Donna Y. Chen, Xin Di, Bharat Biswal

Cerebrovascular reactivity increases across development in multiple networks as revealed by a breath‐holding task: A longitudinal fMRI study

  • Neurology (clinical)
  • Neurology
  • Radiology, Nuclear Medicine and imaging
  • Radiological and Ultrasound Technology
  • Anatomy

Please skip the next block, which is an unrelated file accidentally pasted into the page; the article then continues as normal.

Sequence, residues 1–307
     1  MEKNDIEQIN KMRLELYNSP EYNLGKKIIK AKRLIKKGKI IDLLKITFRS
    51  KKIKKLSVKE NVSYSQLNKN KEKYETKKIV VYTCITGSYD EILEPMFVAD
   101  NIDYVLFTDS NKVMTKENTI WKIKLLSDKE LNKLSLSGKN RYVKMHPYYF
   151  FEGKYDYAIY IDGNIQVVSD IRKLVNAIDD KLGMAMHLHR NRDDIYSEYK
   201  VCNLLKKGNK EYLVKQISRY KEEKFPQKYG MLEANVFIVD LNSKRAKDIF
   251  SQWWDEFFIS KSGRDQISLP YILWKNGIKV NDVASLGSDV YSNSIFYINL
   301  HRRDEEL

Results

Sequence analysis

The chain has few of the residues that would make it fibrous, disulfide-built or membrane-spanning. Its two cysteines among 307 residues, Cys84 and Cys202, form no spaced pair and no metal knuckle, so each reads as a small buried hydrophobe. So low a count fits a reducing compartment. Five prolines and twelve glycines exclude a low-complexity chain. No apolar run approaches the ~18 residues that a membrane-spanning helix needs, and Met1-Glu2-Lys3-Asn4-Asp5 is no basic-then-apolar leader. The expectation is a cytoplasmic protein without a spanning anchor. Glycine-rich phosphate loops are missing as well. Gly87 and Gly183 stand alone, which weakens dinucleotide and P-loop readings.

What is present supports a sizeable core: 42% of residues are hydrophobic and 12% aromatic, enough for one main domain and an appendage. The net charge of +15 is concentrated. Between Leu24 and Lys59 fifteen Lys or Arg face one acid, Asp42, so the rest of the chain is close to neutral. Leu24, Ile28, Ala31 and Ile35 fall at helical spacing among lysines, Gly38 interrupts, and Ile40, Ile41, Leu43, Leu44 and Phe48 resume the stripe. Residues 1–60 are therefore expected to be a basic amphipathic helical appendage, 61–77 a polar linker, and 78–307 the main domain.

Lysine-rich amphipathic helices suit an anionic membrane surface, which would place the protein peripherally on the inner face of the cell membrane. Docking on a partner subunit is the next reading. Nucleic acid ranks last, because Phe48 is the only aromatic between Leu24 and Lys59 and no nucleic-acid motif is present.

AbstractFunctional magnetic resonance imaging (fMRI) has been widely used to understand the neurodevelopmental changes that occur in cognition and behavior across childhood. The blood‐oxygen‐level‐dependent (BOLD) signal obtained from fMRI is understood to be comprised of both neuronal and vascular information. However, it is unclear whether the vascular response is altered across age in studies investigating development in children. Since the breath‐hold (BH) task is commonly used to understand cerebrovascular reactivity (CVR) in fMRI studies, it can be used to account for developmental differences in vascular response. This study examines how the cerebrovascular response changes over age in a longitudinal children's BH data set from the Nathan Kline Institute (NKI) Rockland Sample (aged 6–18 years old at enrollment). A general linear model approach was applied to derive CVR from BH data. To model both the longitudinal and cross‐sectional effects of age on BH response, we used mixed‐effects modeling with the following terms: linear, quadratic, logarithmic, and quadratic‐logarithmic, to find the best‐fitting model. We observed increased BH BOLD signals in multiple networks across age, in which linear and logarithmic mixed‐effects models provided the best fit with the lowest Akaike information criterion scores. This shows that the cerebrovascular response increases across development in a brain network‐specific manner. Therefore, fMRI studies investigating the developmental period should account for cerebrovascular changes that occur with age.

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